Originally uploaded by yaznotjaz.
A recent edition of the San Francisco Chronicle contained an article I read with interest. FINDING MY RELIGION: Nipun and Guri Mehta talk about their $1-a-day pilgrimage through India is an interview with two people I am blessed to know, although it’s been months since I’ve seen them in person.
I’ve mentioned Nipun and Guri (and Viral and Mark and Dipti) in passing before, describing them as people who are so beautifully inspiring on a daily basis that my words will never do them justice. I first met them all in November 2004, when – through an introduction from my friend SS – the crazy crackstabber, Mark, invited me to a Wednesday evening meditation at the home of Nipun and Viral’s parents in the South Bay. Nearly every Wednesday evening over the next five, six months, I regularly drove two hours from the Sacramento area to the South Bay, where I sat on the floor of a Silicon Valley living room with dozens of other people from all walks of life, cross-legged, eyes closed, in silence for an hour. After that, I would participate in an hour-long roundtable sharing of thoughts with the others, gratefully accept a homecooked vegetarian meal from Nipun’s mother, and then hit the road for the hour-long drive home to the East Bay.
Those few hours spent in the company of such conscious individuals are amongst the most peaceful I can remember. Time and again, I have started writing about them, only to discard my writing, leaving it half-finished. It’s true, I’ll never be able to suitably articulate their spirit of service, their compassion, the beauty of these people I’ve met through the Wednesday evenings. I’ll try again soon, though, because everyone should be lucky to know people even half as beautiful as these.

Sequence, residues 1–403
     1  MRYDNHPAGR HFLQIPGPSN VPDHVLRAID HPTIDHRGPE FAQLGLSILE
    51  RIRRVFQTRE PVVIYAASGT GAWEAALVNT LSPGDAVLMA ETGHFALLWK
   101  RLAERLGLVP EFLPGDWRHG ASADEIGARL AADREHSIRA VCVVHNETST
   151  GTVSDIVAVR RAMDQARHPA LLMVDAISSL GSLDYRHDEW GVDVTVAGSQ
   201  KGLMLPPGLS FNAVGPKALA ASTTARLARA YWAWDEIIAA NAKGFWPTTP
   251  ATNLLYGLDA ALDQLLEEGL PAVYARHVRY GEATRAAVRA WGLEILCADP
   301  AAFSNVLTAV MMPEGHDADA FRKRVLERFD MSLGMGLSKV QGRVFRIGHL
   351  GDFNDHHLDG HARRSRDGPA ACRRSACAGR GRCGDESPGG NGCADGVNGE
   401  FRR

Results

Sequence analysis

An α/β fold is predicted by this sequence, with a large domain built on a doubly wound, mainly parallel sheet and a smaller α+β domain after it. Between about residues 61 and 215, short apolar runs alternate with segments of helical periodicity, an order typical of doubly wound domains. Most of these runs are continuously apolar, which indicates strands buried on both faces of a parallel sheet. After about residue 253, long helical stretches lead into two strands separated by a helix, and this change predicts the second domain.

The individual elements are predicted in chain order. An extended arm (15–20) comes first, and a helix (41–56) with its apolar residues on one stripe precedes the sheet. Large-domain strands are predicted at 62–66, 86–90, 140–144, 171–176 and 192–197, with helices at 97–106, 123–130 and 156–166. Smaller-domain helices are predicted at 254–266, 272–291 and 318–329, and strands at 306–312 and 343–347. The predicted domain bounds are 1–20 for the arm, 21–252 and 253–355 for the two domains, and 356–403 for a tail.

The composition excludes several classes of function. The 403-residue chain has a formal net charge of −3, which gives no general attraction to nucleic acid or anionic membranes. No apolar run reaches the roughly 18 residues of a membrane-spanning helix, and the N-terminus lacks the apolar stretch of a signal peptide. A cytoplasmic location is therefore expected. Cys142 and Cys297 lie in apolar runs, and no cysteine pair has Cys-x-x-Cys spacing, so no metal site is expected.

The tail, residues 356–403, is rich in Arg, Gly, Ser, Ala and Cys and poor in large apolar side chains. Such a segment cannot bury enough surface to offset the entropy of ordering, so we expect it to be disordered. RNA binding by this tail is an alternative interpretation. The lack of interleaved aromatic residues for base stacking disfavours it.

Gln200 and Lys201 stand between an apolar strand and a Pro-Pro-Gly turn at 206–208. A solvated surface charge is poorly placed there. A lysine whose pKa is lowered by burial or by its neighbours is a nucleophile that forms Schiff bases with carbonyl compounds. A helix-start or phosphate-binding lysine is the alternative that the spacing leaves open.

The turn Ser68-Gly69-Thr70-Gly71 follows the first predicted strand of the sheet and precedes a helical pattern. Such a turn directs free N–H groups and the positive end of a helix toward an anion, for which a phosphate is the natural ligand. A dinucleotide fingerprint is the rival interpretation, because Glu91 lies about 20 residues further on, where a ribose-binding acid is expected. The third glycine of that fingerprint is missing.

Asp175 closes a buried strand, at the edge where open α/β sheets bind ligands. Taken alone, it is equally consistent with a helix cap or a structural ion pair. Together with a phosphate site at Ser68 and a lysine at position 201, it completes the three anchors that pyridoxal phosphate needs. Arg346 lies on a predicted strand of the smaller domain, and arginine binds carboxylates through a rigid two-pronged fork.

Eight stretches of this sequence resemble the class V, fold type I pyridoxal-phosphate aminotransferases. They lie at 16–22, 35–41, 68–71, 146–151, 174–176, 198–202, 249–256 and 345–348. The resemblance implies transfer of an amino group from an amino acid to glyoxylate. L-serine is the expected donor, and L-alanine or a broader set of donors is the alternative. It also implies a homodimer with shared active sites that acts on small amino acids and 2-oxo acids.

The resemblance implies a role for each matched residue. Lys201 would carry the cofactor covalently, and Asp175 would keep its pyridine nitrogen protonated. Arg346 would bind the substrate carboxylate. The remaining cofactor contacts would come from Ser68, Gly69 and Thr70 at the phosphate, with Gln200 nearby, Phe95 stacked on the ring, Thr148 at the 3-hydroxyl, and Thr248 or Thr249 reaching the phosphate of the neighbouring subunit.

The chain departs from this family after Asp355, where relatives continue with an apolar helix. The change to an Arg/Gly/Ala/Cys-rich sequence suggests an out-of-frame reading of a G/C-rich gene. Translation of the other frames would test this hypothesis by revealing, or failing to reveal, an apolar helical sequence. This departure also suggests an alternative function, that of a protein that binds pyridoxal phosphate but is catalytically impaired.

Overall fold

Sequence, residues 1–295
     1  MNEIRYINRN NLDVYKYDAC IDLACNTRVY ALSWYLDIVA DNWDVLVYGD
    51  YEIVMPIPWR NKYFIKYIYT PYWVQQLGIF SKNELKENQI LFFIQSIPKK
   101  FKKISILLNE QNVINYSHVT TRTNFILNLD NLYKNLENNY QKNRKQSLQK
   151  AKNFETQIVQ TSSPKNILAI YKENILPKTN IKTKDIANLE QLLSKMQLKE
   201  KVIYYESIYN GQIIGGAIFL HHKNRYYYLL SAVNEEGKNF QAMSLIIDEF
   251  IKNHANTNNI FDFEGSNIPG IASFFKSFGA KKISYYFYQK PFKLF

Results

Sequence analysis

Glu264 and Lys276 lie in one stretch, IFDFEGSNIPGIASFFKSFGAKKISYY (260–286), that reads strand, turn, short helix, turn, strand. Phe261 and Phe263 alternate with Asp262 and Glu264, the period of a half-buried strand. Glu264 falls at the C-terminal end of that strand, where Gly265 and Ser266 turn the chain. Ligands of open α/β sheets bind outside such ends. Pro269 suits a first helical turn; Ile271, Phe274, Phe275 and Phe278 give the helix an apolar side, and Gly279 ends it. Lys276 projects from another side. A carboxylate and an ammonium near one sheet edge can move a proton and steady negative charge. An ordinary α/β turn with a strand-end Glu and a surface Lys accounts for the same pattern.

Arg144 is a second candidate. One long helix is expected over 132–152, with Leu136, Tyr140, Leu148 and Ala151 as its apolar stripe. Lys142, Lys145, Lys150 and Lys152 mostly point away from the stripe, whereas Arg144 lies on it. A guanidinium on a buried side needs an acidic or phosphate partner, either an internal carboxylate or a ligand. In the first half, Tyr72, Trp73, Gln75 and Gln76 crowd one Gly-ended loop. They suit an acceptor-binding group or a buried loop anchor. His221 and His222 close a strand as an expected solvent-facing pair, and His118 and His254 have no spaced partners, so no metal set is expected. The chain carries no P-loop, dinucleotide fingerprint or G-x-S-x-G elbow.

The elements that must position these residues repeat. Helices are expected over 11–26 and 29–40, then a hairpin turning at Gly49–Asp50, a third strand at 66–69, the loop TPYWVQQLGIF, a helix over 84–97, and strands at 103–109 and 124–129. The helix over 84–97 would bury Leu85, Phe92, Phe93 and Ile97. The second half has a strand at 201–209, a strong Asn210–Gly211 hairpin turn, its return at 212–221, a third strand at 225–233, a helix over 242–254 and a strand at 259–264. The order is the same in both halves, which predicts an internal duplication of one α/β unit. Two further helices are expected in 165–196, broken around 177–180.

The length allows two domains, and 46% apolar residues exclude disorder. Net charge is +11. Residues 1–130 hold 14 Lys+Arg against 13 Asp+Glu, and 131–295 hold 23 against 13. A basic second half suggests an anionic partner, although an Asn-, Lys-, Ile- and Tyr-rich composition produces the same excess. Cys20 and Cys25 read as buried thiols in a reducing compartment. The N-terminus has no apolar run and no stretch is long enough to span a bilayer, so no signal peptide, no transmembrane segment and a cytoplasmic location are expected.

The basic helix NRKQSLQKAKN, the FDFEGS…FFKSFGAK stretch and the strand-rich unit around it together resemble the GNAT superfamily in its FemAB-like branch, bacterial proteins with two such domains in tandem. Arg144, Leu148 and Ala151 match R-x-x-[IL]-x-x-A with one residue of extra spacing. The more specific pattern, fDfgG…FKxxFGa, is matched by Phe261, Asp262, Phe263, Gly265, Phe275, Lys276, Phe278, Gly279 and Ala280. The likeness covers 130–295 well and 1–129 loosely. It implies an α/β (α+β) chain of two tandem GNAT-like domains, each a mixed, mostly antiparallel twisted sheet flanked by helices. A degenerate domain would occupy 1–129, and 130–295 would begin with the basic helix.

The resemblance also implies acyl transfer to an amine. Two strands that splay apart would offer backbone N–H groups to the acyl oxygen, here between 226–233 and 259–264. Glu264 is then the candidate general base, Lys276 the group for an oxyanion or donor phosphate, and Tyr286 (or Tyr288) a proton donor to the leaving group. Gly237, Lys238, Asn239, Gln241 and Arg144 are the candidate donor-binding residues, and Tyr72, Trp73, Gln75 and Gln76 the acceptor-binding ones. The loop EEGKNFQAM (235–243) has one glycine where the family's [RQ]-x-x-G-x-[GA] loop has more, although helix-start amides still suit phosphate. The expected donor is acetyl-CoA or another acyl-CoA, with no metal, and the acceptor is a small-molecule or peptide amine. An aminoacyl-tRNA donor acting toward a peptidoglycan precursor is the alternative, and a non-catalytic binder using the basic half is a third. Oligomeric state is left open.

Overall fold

From the SF Chronicle article:
There’s a question posted on your personal Web site: “Do you have a spiritual teacher?” Your answer to that was, “Yes, you.” Is it sometimes a struggle to see everyone as your teacher?
Nipun: I try to see life with reverence — all life. When we were walking, we learned a lot of things. We learned to see the goodness in everybody, to try to learn from everybody and everything, even if it’s just a tree. I mean, when you’re walking and it’s really hot, and you see a tree and you say, “Wow!” — it’s just there giving shade to you selflessly!
So I try to approach everything with humility. You never know what can teach you spiritual lessons you need to learn.
Namaste — in India when we meet and greet, we say Namaste, and Ram Dass gives a beautiful definition: Namaste means I honor the place in you, where the entire universe resides. I honor the place in you, of love, of light, of truth. I honor that place in you, where if you are in that place in you, and I am in that place in me, there is only one of us.